So­many acts, so lit­tle time. Tony Clayton-Lea on­who to catch at the Voda­fone Com­edy Car­ni­val Gal­way

The Irish Times - Friday - The Ticket - - SPECIAL REPORT -


We know O’Han­lon as the man be­hind one of the most-loved and oft-quoted char­ac­ters in con­tem­po­rary com­edy. But there’s so much more to the Co Mon­aghan-born co­me­dian/ac­tor than Fr Dou­gal McGuire. O’Han­lon’s stand-up is as­tute and imag­i­na­tive, and never takes the route of cheap digs or easy laughs. Go see him be­fore he be­comes too en­meshed in UK tele­vi­sion shows such as the Chan­nel 4 drama Cu­cum­ber (the lat­est TV project from Doc­tor Who/Queer as Folk writer Rus­sell T Davies) and Sky’s com­edy show, After Hours (di­rected by Craig Cash, of Royle Fam­ily fame).

John Coop­erClarke

Sal­ford’s Cooper Clarke has been one of the die-hards on the UK com­edy scene for almost 40 years. When he first started, back in the pre-punk days of the mid-’70s, he was viewed as the per­fect fit for the shabby odd­ness of the times. His ca­reer, as such, has wit­nessed peaks and troughs, but over the past 15 years he has ex­pe­ri­enced the po­lar op­po­site of in­dif­fer­ence. Now 65, Cooper Clarke still plays a mean pin­ball, and he con­tin­ues to write funny po­ems and de­liver sparkling one-lin­ers. As the man him­self has said, “I still can’t imag­ine life with­out me be­ing in it.”


Cage rat­tler? Com­edy agent provo­ca­teur? Say hello to David McSav­age (aka David An­drews Jr), a man for whom very few top­ics are off the agenda. McSav­age be­gan his comedic life as a street per­former. Many of us re­call him cracking jokes we didn’t al­ways un­der­stand on Dublin’s Grafton Street, sell­ing copies of his DVDs whilst semi-naked (he got ar­rested for that, by the way). Lat­terly, how­ever, a more ap­pro­pri­ately at­tired McSav­age has taken to tele­vi­sion to broad­cast his sin­gu­lar tal­ents. He can be very, very funny, but we know some peo­ple who view his skills at twist­ing the comedic knife as far too un­com­fort­able for them.


What must it be like for a once-arena-per­form­ing co­me­dian to tread the boards again years after, al­beit on much smaller stages? This English comic has been there. Now he’s back, slightly older, greyer, wider and, pre­sum­ably, wiser. Bring­ing his ac­claimed Fame: Not the Mu­si­cal solo show to Gal-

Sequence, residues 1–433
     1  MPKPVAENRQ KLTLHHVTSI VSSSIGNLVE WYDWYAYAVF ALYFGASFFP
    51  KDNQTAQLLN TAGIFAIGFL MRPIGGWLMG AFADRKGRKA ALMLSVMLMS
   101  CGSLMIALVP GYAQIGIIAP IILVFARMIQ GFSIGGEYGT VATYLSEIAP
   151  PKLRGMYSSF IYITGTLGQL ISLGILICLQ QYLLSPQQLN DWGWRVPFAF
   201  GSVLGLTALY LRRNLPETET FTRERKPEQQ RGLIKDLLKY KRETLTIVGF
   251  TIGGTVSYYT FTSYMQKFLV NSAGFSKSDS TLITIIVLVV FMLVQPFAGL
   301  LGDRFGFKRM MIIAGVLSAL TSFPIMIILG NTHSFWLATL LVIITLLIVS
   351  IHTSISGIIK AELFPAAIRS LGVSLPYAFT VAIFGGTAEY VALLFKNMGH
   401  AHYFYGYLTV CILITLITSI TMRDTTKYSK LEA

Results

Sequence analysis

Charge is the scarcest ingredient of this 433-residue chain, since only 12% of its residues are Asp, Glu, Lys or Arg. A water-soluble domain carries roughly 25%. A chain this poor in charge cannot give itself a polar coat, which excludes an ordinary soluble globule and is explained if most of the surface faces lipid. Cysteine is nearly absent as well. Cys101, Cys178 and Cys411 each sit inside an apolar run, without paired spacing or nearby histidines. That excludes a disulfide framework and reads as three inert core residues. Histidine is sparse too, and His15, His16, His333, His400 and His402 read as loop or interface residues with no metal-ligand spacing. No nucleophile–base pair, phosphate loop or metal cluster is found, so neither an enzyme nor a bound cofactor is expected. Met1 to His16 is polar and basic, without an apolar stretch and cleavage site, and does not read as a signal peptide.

McSav­age can be very, very funny, but we know some peo­ple who view his skills at twist­ing the comedic knife as far too un­com­fort­able for them

way, Baddiel pon­ders on the no­tions of what was for him (and his 1990s tour­ing part­ner, Rob New­man) the once cer­ti­fi­able rock’n’roll life­style of tour buses, road­ies, tiaras, tantrums and groupies. In that or­der, pretty much.


One of com­edy’s smartest and busiest writ­ers and per­form­ers, Rich Hall – Vir­ginia, USA-born, cur­rently liv­ing in London – has the hon­our of be­ing the in­spi­ra­tion for the character of Moe Szysiak in The Simp­sons. Not only that, but his comic cre­ation of Otis Lee Cren­shaw (a fic­ti­tious un­cle, dis­so­lute con­vict and a coun­try mu­sic singer) high­lights a level of harsh com­edy that Hall him­self pos­si­bly couldn’t get away with. Which means what, pre­cisely? Sharp in­takes of breath al­ter­nat­ing with fits of laugh­ter, that’s what.


He likes a chal­lenge, does Des Bishop, born in New York some 38 years ago, and now more Ir­ish than the Ir­ish them­selves (well, almost). Over the past 10 years Bishop has used his tal­ents for com­edy sce­nar­ios as much as so­cial ex­per­i­ments, from 2004’s

Des Bishop Work Ex­pe­ri­ence to his lat­est so­cio-comic wheeze,

Break­ing China (wherein Des, hav­ing spent a year in China, re­turns home to tell us all about his ad­ven­tures). Bishop im­parts in­for­ma­tion with hon­esty and in­sight. He’s never been one for the low­est common de­nom­i­na­tor, ei­ther – we like that.

The Rub­ber­ban­dits

“Com­edy hip-hop” may not be the most ac­cu­rate way to de­scribe Lim­er­ick’s Rub­ber­ban­dits. But if you can find some­thing more ap­pro­pri­ate, be my guest. De­scrib­ing The Rub­ber­ban­dits as “a trio carved from the funny bone of Ire­land” (via the Scots­man) isn’t any bet­ter. So per­haps the best ad­vice is sim­ply to sit back and al­low this bunch’s brand of comic/satiric songs (sam­ple ti­tles in­clude I Wanna Fight Your Fa­ther, Liar Liar Danny Dwyer and We Need a Black Man) to hit you on the head and run away be­fore you can catch them.


‘Never one to shy away from con­tro­versy’ might be con­sid­ered the stereo­typ­i­cal open­ing words to a pro­file of many a co­me­dian, but we mean it when we’re de­scrib­ing Si­mon Am­stell. His acer­bic worldview first came to light when he co-hosted the Chan­nel 4 mu­sic show Pop­world, (2000-2006), and con­tin­ued through­out his host­ing of Never Mind the Buz­zcocks un­til 2009. It is as a stand-up co­me­dian, how­ever, that Am­stell re­ally shines. Ex­pect, then, bril­liantly funny and of­ten provoca­tive in­sights into his dys­func­tional self.

Rich pick­ings One of com­edy’s smartest and busiest writ­ers and per­form­ers, Rich Hall

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